Mike, the shock with the full mod, I threw away, I figured it was ruined. I had then bought another shock and then just did the shim adjustment. I still have that shock but kept it in the event that someday I might need a spare if I ever have my other one rebuilt. You only need the shims to get your sag set, I don't recommend cutting the bumper. It would be far cheaper to buy some washers/shims than pay to have a shock mailed back and forth.

    I believe Ponydrvr did the full mod with good results. A second opinion wouldn't hurt.

  6. #16
    Super Moderator MJC's Avatar
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    Thank you Steven, for the info. I guess what I want to do is adjust the sag so I can do the front forks. So I will just use the wahers in the rear and be happy with that.

    I was looking for info on the Gonzo Ponydrvr Mod from heavier riders. At this time, all I can do is adjust the sag in the rear and install the adjustable (turn down bolt type) things that go on top of forks. To adjust front sag. Hope I do not get the pogo thing going...lol. I am saving up for all new aftermarkget parts, or maybe a better bike...

    mj

  7. #17
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    Quote Originally Posted by MJC View Post
    Thank you Steven, for the info. I guess what I want to do is adjust the sag so I can do the front forks. So I will just use the wahers in the rear and be happy with that.

    I was looking for info on the Gonzo Ponydrvr Mod from heavier riders. At this time, all I can do is adjust the sag in the rear and install the adjustable (turn down bolt type) things that go on top of forks. To adjust front sag. Hope I do not get the pogo thing going...lol. I am saving up for all new aftermarkget parts, or maybe a better bike...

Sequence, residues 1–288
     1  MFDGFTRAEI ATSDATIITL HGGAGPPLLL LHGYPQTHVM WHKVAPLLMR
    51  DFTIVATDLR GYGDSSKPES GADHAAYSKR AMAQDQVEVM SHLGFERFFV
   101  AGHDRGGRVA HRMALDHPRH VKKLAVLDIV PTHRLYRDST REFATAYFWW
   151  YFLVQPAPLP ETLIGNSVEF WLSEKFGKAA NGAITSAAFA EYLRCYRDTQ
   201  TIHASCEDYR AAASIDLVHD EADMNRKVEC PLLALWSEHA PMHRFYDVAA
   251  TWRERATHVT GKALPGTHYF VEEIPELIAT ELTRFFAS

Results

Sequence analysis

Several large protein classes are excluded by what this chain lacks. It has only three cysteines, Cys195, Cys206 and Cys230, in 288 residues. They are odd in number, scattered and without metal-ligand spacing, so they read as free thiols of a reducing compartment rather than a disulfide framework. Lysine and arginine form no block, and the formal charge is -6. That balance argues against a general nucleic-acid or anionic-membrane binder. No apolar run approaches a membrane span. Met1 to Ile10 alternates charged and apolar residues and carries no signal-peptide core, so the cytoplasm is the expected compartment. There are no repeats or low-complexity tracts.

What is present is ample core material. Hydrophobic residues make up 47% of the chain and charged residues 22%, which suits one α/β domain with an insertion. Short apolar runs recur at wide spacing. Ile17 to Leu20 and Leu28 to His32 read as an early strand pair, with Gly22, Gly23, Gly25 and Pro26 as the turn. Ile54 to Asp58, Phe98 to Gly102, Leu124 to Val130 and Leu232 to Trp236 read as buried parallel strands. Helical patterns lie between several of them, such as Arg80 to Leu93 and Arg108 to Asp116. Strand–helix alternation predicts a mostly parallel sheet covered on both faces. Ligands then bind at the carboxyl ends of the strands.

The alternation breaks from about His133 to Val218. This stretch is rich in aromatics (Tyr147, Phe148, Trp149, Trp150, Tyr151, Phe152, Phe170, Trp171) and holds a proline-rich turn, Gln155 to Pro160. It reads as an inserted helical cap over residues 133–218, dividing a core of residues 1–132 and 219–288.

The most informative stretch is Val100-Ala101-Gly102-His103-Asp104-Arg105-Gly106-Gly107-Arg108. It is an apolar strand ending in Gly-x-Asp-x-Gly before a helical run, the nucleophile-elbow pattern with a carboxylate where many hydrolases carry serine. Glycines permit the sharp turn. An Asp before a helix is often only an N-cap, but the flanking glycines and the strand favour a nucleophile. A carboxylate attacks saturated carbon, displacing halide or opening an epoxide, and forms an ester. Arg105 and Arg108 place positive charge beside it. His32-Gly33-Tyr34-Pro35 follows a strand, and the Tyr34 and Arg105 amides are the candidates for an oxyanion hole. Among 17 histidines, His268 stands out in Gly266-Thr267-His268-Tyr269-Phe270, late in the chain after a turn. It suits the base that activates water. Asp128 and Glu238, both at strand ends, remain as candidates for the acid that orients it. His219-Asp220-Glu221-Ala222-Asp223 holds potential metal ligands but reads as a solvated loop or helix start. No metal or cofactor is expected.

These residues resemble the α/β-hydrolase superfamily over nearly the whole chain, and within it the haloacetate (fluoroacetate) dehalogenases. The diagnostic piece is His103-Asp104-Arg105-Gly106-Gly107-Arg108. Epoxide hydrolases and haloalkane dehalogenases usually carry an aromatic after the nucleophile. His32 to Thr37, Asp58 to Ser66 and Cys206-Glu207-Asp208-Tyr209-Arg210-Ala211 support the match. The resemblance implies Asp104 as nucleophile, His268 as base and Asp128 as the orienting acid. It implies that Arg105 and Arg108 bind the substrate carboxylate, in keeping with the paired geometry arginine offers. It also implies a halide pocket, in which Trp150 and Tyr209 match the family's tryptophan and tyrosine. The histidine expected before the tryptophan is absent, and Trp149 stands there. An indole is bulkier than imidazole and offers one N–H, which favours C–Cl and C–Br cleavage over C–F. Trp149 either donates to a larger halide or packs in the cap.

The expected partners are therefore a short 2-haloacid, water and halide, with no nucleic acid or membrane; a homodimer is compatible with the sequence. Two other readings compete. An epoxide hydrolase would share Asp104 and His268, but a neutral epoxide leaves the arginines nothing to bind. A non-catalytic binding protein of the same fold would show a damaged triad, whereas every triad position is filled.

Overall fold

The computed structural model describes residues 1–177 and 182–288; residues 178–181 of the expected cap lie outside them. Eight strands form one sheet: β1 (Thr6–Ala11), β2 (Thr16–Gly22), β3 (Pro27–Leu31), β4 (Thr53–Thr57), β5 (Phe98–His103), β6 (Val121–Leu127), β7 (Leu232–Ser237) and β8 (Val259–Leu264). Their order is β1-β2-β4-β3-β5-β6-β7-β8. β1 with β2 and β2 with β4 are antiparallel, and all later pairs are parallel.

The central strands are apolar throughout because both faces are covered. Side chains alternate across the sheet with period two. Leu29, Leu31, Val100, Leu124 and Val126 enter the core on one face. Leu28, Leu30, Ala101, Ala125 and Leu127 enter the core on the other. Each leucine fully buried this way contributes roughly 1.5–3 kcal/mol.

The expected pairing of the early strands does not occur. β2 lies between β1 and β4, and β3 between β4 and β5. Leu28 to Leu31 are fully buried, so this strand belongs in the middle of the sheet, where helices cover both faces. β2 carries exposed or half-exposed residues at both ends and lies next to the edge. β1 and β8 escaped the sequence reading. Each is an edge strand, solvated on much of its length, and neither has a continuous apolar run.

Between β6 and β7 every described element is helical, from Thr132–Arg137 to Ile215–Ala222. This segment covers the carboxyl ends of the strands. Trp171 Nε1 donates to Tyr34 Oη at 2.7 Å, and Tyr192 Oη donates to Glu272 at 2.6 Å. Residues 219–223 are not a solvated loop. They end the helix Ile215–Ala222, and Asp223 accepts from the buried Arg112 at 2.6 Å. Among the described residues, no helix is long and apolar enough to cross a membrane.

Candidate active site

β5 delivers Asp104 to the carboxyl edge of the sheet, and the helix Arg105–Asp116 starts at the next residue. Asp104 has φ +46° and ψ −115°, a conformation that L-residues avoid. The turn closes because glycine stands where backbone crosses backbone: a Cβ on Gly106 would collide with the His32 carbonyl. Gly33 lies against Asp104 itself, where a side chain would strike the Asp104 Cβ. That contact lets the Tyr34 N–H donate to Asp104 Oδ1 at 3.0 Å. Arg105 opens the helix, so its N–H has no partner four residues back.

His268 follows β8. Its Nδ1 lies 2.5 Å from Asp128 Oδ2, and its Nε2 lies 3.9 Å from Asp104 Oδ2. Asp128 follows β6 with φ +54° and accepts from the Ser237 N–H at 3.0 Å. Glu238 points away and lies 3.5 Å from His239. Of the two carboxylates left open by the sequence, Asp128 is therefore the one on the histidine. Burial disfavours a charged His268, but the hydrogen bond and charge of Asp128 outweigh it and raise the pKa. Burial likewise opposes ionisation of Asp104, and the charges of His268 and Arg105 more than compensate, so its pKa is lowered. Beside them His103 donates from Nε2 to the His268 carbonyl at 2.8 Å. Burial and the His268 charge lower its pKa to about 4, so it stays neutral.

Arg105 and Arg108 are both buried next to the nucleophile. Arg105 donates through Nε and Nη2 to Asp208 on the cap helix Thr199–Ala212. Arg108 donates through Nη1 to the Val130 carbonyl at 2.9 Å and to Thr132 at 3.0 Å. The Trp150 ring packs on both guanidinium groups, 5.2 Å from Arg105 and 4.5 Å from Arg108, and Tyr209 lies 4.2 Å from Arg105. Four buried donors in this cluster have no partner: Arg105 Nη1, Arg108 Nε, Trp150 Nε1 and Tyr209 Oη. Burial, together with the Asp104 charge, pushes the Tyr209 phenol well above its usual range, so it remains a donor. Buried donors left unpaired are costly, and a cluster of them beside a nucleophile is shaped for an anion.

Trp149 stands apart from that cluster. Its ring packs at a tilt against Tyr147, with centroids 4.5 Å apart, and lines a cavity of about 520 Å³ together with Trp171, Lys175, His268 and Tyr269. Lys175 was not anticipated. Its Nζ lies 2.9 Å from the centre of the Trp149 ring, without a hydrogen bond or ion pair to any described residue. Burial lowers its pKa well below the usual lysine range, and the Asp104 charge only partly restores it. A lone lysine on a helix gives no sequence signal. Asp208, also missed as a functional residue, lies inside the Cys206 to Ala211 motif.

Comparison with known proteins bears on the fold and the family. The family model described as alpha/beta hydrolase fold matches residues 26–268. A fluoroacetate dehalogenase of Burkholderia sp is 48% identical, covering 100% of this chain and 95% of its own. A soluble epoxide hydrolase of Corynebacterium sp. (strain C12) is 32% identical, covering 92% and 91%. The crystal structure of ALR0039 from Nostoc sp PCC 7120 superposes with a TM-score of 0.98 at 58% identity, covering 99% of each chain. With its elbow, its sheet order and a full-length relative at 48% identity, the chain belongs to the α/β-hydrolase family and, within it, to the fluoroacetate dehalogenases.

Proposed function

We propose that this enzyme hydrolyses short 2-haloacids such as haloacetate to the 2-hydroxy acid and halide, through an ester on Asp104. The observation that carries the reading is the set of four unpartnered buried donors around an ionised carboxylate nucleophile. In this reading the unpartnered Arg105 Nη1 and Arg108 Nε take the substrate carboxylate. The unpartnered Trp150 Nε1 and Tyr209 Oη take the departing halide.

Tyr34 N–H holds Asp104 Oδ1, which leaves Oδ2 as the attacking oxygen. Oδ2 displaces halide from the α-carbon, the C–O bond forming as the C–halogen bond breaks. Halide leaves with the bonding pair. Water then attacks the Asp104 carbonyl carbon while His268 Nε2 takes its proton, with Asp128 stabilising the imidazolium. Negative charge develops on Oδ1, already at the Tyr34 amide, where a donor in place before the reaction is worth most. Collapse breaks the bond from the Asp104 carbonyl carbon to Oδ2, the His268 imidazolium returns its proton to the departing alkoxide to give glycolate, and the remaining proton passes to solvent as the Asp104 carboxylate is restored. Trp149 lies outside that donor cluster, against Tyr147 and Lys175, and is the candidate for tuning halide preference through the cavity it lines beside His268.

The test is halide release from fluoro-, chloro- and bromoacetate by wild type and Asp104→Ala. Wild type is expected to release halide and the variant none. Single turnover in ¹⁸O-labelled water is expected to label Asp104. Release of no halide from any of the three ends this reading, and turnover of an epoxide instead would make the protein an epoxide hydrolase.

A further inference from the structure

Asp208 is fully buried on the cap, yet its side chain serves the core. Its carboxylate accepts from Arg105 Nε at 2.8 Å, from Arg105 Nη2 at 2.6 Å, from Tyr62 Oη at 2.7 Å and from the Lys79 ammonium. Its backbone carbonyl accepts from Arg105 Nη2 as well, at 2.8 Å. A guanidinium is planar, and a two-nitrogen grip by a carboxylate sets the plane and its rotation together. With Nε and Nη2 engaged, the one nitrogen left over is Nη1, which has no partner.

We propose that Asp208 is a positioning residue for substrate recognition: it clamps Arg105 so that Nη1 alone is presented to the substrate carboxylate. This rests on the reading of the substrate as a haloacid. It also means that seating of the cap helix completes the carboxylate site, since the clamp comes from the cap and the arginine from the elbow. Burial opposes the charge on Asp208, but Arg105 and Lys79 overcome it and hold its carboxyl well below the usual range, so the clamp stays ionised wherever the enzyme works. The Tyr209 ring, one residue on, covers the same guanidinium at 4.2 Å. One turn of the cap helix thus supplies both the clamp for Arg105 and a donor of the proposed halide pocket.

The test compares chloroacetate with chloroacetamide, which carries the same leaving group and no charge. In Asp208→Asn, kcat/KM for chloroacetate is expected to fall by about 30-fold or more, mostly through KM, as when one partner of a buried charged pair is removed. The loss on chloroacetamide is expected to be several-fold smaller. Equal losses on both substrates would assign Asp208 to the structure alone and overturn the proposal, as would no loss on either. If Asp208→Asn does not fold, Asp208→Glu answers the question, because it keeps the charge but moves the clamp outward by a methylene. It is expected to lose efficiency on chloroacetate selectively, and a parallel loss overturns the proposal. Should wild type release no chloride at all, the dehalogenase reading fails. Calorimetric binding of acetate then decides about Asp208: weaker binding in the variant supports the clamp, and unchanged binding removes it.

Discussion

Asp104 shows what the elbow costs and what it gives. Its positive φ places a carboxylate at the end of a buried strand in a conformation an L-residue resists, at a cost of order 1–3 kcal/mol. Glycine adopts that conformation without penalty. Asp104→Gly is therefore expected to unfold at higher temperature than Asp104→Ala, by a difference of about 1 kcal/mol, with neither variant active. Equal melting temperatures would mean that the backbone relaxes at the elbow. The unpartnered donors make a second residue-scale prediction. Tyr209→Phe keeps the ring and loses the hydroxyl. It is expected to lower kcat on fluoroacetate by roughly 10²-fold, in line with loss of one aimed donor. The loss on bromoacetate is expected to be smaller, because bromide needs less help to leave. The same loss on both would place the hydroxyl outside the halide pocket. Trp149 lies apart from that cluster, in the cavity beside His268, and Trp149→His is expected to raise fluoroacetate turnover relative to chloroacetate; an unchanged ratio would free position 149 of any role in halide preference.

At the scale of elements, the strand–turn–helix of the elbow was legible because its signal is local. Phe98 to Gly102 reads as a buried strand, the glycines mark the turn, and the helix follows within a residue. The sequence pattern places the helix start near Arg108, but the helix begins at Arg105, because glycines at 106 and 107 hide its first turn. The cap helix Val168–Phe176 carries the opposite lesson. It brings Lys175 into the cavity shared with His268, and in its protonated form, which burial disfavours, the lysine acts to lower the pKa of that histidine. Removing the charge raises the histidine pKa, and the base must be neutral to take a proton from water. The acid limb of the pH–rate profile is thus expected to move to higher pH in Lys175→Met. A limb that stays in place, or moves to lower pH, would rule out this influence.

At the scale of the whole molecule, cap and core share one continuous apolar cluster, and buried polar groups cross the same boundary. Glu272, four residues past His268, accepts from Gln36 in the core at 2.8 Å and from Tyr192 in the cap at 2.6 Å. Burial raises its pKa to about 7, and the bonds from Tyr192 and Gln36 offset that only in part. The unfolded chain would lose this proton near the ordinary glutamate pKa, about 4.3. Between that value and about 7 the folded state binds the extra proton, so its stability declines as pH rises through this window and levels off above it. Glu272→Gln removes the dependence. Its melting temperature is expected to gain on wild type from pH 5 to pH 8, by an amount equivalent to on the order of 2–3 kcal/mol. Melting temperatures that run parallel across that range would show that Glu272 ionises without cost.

mj
    Getting the sag set front and back is about all you can do with the oem and it does help quite a bit under most road conditions. The sharp hard bumps/dips will continue to be an issue. Even my fancy dancy after market shock isn't perfect, but it is a step in the right direction and, in my mind, money well spent.

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  9. #18
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    You can set sag all you want, but if the spring rate is wrong for the load then it is wrong and sag isn't going to be more than a small band-aid on a wound that never heals. Spring preload adjustment is for making minor changes in ride height when there are modest changes in load, it doesn't replace getting the proper rate spring.

    An advantage of the classic twin-damper setup is the dampers are easy to access and the springs are light enough that you may not need any special tools/compressors to change them to something more suitable. The CTX isn't as easy to deal with, but if you want a better ride then you'll need to begin the process of removing the motorcycle from the damper so you can change the spring (and probably the damper while you are at it).

    cheers,
    Michael

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  11. #19
    Senior Member
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    I weigh 200 lbs. with full gear.
    I did the gonzo mod with no change in sag. Spring at full height, just enough turns on the collar to see two threads above it.
    Not a Cadillac ride but in about 10,000 miles of riding, I only bottomed out 2 or 3 times, on some nasty roads.
    Setting sag reduces shock travel and I did not want that.
    I actually thought the ride was decent after the mod.
    '14N
    keep your word, no excuses

  12. #20
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    Apple Valley, MN
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    So do you turn the nut clockwise to get a softer ride?